The Thomaston Board of Appeals voted unanimously Aug. 3 to approve Northeast Patients Group’s request for a conditional use to operate a medical marijuana dispensary on Route 1.

Northeast Patients Group Executive Director Becky DeKeuster shed tears of joy when the vote was taken and said she was excited by the decision.

“This is a significant step forward for the state of Maine,” she said after the public hearing at the town office. “This brings all of Maine one step closer to realizing what the citizens voted for.”

“We have a responsibility to the patients in Maine to provide medication,” she said.

DeKeuster added after the meeting that this will provide another option for health care in the area. She said it will create some new jobs and serve as an economic stimulus. She said people coming into the community to access medication will stop for gas and food.

Also present at the meeting were Matt Hawes of Northeast Patients Group and Bill Bird, who owns the property at 149 New County Road where the dispensary has been proposed.

The Maine Department of Health and Human Services announced July 9 that Northeast Patients Group had been selected as the marijuana dispensary for the state’s District 4, which includes Knox, Lincoln, Sagadahoc and Waldo counties.

DeKeuster said her organization scored well in the state’s review process for several reasons. The group identified Thomaston as a potential location for the dispensary because it is central and accessible to patients.

She also said Northeast has a strong security plan for the facility, which exceeds the requirements for pharmacies.

It was important to the state that the dispensaries be run by nonprofit organizations. DeKeuster said any extra money the dispensary makes will be invested back into the program or into other health care services for clients, such as acupuncture. She added that after the dispensary becomes solvent, which she anticipates will be after the first couple of years, it will be able to give back to the community through donations to food banks, or even police and fire departments.

“It’s more than just a dispensary,” she said. “It’s a healing center.”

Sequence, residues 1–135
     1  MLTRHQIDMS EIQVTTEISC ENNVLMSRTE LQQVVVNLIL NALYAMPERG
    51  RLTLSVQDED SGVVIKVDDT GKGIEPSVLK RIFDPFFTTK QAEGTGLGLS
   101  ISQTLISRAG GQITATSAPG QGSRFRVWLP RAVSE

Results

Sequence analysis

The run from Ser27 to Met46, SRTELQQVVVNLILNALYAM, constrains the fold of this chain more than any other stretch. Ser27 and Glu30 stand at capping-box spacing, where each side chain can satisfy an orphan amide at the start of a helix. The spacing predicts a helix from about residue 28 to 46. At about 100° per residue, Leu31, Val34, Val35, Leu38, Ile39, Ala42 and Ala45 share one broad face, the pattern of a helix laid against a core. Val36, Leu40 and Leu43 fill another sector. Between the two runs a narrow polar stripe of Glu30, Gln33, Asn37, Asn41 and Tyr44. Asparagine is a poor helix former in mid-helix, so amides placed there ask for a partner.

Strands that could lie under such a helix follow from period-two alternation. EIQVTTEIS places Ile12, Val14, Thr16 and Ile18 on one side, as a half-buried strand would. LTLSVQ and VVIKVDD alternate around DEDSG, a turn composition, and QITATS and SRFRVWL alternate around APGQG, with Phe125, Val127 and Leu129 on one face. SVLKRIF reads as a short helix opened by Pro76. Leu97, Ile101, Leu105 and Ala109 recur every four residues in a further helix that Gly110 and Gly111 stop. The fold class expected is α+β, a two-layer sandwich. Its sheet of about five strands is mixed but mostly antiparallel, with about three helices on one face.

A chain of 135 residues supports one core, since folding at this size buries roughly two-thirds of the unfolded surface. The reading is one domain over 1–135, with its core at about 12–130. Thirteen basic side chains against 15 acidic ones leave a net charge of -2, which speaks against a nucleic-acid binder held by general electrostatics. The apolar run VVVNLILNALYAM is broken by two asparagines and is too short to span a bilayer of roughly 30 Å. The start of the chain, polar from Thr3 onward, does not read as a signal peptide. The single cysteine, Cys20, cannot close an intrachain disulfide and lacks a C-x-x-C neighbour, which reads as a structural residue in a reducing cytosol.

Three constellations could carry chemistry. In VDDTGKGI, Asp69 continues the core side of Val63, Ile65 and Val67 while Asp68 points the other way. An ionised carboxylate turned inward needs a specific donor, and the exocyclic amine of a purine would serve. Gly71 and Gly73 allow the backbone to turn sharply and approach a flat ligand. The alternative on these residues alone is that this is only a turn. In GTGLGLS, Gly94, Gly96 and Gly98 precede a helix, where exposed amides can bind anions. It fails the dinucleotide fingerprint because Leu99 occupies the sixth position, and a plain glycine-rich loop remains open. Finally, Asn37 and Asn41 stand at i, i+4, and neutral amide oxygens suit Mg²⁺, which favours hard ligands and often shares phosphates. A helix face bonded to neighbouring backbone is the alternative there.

She envisions the facility offering a variety of therapies for patients.

She said she has done similar work in California.

The Board of Appeals asked if Northeast Patients Group would be growing marijuana at the site. Under the law, the organization has to grow its own marijuana.

DeKeuster said it did not plan to grow the drug in Thomaston. Northeast had been looking at a facility in Hermon that could serve as a growing site.

She said at the meeting that Hermon has placed a moratorium on marijuana growing operations while it works on its zoning. She said her company is still working with Hermon and is also looking at potential alternate sites in Portland, which she said has good zoning rules in place.

She said her organization would know by the end of the month if it would need to grow the marijuana in Thomaston. She indicated after the meeting that she does not anticipate growing the drug in Thomaston, but if other sites do not work out and Northeast considers growing in Thomaston, such a plan would have to come back before the town for approval.

William Dashiell of the appeals board asked if the proposed facility is legal under federal requirements. DeKeuster said that under federal law marijuana is still a scheduled drug, but she said the Obama administration has stated it will not interfere with facilities that are following state law.

She said Maine has one of the clearest medical marijuana laws of any of the states that have approved it for that use.

DeKeuster also explained some of the process for receiving medical marijuana. She said a doctor cannot legally prescribe the drug, but the patient needs to get a certification or a note from a doctor saying the drug is needed or beneficial.

All medical marijuana patients will also have to register with the Maine Department of Health and Human Services. That department will have oversight of the dispensaries and inspect them.

DeKeuster said security will be tight. The growing is to be done in closed, locked facilities. She said the Thomaston dispensary will have “man trap” entries, or two locked doors at each entry.

Thomaston Police Chief Kevin Haj said he would like to see security lights in both the front and back of the building. He said he would like to sit down with Northeast Patients Group and discuss security issues. He also said he would like to see a fence enclosing the property. The police chief said he was concerned about the field behind the building.

DeKeuster said the facility would be equipped with cameras and panic buttons. The organization may consider hiring a security guard, she added.

As part of the motion to approve the conditional use, the board added the requirement that Northeast Patients Group remain in an ongoing dialogue with the police chief.